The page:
Author(s): Morita T, Kizawa Y
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Abstract PURPOSE OF REVIEW: Providing palliative care in Japan is one of the most important health issues. Understanding palliative care delivery systems of other countries is useful when developing and modifying palliative care systems worldwide. This review summarizes the current status of palliative care in Japan, focusing on the structure and process development. RECENT FINDINGS: Palliative care units and hospital palliative care consultation teams are the two main specialized palliative care services in Japan. The number of palliative care units is 215 (involved in 8.4\% of all cancer deaths), and there are approximately 500 hospital palliative care teams. Conversely, specialized home care services are one of the most undeveloped areas in Japan. However, the government has been trying to develop more efficient home care services through modifying laws, healthcare systems, and multiple educational and cooperative projects. The numbers of palliative care specialists are increasing across all disciplines: cancer pain nurses (1365), palliative care nurses (1100), palliative care physicians (646), and palliative care pharmacists (238). Postgraduate education for physicians is performed via the special nationwide efforts of the Palliative care Emphasis program on symptom management and Assessment for Continuous medical Education (PEACE) project - a 2-day program adopting a trainer-trainee strategy. Over 30,000 physicians have participated in the PEACE program. A total of 1298 and 544 physicians have completed a trainer course for palliative medicine and psycho-oncology, respectively. Multiple structure and process evaluation, bereaved family surveys in palliative care units, and patient and family evaluation in the regional palliative care program indicate many improvements. SUMMARY: Palliative care in Japan has progressed rapidly, and the Cancer Control Act has played a very important role in developing palliative medicine. Challenges include developing a structure for palliative care in the community or regional palliative care programs, establishing a method to measure and improve the quality of palliative care at a national level, developing evidence-based medicine and policy making, and palliative care for the noncancerous population.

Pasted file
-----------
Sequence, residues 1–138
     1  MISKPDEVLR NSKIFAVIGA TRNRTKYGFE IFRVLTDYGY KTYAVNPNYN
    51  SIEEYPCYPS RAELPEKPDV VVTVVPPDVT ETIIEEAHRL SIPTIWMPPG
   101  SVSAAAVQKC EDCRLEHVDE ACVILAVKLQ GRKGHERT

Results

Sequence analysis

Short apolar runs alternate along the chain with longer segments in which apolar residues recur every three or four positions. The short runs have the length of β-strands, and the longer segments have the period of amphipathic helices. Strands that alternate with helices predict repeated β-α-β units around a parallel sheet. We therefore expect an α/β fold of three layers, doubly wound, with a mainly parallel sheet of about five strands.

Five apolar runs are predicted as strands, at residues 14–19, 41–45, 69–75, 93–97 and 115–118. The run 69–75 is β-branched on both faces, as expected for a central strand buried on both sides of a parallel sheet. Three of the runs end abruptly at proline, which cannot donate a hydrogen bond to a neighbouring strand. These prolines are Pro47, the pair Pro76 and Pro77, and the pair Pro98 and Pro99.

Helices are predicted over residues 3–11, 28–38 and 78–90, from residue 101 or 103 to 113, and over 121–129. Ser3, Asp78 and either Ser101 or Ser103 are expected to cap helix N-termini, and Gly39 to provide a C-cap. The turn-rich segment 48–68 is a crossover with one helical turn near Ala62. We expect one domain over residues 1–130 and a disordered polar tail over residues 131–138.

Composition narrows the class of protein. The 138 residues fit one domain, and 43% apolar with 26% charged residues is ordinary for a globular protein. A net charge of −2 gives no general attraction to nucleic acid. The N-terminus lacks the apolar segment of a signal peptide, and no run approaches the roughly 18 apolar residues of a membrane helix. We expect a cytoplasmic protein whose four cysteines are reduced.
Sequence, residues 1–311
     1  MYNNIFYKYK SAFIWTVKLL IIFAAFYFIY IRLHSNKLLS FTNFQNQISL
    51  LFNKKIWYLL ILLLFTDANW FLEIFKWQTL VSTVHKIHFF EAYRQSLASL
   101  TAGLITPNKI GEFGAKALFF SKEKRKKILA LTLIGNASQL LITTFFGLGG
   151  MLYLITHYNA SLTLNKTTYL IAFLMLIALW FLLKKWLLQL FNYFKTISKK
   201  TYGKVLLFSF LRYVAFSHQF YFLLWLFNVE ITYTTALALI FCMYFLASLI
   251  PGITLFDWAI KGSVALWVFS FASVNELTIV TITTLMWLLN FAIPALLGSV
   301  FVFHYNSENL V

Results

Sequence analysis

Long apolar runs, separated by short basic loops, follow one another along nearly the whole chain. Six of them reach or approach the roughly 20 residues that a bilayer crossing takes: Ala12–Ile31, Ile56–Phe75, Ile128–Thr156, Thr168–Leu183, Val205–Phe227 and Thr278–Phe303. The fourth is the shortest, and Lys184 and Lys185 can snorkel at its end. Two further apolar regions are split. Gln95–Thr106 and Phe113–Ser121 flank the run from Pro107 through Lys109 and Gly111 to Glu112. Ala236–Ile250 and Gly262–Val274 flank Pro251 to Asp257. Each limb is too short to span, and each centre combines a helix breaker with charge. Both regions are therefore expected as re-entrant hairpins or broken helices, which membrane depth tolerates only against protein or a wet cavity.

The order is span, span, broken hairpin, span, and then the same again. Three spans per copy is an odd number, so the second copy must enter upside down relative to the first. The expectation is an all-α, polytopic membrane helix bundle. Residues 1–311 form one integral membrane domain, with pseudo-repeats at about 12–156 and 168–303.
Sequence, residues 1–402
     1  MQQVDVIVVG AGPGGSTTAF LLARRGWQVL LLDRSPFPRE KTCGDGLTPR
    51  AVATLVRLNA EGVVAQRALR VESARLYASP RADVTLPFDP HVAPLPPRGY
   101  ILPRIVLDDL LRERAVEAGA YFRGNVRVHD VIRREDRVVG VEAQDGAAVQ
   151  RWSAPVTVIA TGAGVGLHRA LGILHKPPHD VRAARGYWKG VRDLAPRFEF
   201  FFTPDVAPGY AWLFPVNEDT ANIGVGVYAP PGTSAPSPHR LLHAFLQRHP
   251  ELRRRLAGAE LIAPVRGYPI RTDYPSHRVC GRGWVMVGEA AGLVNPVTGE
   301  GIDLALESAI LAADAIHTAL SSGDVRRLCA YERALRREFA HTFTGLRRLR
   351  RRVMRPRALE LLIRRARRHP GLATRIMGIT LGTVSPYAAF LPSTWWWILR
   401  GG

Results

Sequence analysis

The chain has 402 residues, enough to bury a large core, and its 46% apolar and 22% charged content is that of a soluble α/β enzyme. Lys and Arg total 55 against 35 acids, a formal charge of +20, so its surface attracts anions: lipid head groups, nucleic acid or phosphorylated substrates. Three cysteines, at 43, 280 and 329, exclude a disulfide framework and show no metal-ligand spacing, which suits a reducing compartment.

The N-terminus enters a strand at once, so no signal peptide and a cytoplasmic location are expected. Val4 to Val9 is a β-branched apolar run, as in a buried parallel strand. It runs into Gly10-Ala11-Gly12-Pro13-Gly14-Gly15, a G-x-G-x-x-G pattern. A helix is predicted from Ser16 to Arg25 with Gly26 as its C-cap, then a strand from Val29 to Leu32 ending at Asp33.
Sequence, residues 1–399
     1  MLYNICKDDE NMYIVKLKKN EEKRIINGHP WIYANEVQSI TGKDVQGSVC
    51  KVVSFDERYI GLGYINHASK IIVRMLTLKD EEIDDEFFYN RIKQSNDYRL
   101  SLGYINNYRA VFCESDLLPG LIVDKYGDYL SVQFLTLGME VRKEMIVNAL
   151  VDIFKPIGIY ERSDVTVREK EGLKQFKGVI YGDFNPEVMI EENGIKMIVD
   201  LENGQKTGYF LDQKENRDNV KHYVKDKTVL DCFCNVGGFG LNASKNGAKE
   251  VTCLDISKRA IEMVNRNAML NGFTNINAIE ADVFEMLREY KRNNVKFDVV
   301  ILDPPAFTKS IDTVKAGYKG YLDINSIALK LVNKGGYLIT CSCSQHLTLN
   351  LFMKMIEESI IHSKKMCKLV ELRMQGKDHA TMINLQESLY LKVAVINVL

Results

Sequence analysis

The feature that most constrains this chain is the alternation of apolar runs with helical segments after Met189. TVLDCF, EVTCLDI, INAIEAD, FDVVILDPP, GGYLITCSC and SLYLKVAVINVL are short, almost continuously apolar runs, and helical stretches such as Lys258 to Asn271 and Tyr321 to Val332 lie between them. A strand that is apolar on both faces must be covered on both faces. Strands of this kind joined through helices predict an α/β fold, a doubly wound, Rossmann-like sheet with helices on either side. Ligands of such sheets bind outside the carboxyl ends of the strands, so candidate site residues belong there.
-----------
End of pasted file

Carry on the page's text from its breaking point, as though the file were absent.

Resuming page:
This article was published in Curr Opin Support Palliat Care
and referenced in Journal of Pharmaceutical Care & Health Systems